Characterising the conservative/progressive divide

I’ve been thinking a little about the underlying differences between progressives/liberals and conservatives in the American (US) setting.  I’m not really thinking of opinions on economics or the ideal size of government, but views on economics and government would clearly be affected by what I describe.  Instead, I’m trying to imagine underlying bases for the competing social and political ideologies.

I’m not claiming any great insight, but it’s helped me clarify my thinking to imagine three overlapping areas of contention.  Each area helps inform the topic that follows in a manner that ought to be fairly clear:

  1. On epistemology and metaphysics.  Conservatives contend that there exist absolute truths which we can sometimes know, or even – at least in principle – always know.  In contrast, progressives embrace the postmodern view that there may not be any absolute truths and that, even if absolute truths do exist, our understanding of them is always relative and fallible.
  2. On the comparison of cultures[by “cultures”, I here include all traditions, ways of life, interactional mannerisms and social institutions in the broadest possible sense].  Conservatives contend that it is both possible and reasonable to compare and judge the relative worthiness of two cultures.  At an extreme, they suggest that this is plausible in an objective, universal sense.  A little more towards the centre, they alternately suggest that individuals may legitimately perform such a comparison to form private opinions.  Centrist progressives instead argue that while it might be possible to declare one culture superior to another, it is not reasonable to do so (e.g. because of the relative nature of truth).  At their own extreme, progressives argue that it is not possible to make a coherent comparison between two cultures.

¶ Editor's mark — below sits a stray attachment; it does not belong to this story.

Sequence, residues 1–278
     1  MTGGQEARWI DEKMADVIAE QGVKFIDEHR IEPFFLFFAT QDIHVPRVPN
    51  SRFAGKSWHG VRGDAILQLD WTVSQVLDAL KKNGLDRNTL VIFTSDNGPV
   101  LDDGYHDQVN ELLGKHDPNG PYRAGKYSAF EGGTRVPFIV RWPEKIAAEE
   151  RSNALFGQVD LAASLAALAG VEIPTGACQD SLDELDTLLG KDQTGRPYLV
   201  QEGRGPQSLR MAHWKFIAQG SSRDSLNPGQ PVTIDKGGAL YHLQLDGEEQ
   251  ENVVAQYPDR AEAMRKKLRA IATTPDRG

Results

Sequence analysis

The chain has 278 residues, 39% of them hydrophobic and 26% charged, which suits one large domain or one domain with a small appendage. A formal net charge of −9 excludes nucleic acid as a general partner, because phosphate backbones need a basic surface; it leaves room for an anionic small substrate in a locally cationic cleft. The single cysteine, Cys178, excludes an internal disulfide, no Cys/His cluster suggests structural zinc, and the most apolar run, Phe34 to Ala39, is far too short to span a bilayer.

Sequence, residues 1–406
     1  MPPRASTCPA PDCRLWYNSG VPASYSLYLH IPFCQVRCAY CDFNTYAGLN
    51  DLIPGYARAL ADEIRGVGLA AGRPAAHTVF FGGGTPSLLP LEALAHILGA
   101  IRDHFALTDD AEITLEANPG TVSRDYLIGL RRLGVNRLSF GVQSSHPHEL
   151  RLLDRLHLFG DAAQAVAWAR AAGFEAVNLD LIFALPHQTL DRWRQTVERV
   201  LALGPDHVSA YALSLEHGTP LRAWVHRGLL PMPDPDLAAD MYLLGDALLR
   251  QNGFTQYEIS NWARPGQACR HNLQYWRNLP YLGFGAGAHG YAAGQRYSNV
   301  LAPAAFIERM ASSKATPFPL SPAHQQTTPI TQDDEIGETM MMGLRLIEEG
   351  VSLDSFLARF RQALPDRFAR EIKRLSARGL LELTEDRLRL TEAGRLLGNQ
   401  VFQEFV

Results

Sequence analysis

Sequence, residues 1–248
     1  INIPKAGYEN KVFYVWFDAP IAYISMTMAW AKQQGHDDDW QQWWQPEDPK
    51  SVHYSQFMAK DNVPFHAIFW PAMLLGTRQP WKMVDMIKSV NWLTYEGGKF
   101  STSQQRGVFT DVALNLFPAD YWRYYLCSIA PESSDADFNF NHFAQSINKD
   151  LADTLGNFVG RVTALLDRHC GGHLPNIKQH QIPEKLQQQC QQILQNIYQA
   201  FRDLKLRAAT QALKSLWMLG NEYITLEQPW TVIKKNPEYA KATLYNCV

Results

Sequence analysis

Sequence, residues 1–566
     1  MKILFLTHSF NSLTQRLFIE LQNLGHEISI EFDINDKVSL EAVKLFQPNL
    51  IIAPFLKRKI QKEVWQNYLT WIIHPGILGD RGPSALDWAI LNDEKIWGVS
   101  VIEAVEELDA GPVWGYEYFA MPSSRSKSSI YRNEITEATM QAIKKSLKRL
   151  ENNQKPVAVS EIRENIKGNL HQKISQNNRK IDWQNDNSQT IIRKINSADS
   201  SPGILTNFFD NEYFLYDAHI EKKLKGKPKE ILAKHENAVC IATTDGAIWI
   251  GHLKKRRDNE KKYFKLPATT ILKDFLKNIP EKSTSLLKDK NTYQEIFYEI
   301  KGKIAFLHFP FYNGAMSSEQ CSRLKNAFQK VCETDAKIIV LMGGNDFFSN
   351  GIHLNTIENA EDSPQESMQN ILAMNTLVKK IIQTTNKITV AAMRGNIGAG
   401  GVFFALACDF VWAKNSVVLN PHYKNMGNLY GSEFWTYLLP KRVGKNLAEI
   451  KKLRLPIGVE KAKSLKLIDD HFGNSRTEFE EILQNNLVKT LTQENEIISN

3. On changing one’s culture.  Conservatives suggest that change, in and of itself, is a (slightly) bad thing that must be justified with materially better conditions as a result of the change.  Progressives argue that change itself is neutral (or even a slightly good thing).  This leads to conflict when the material results of the change are in doubt and the agents are risk averse.  To the conservative mind, certain loss (from the act of changing) is being weighed against uncertain gain.  To the progressive mind, the act of change is a positive act of exploration which partially offsets the risks of an uncertain outcome.

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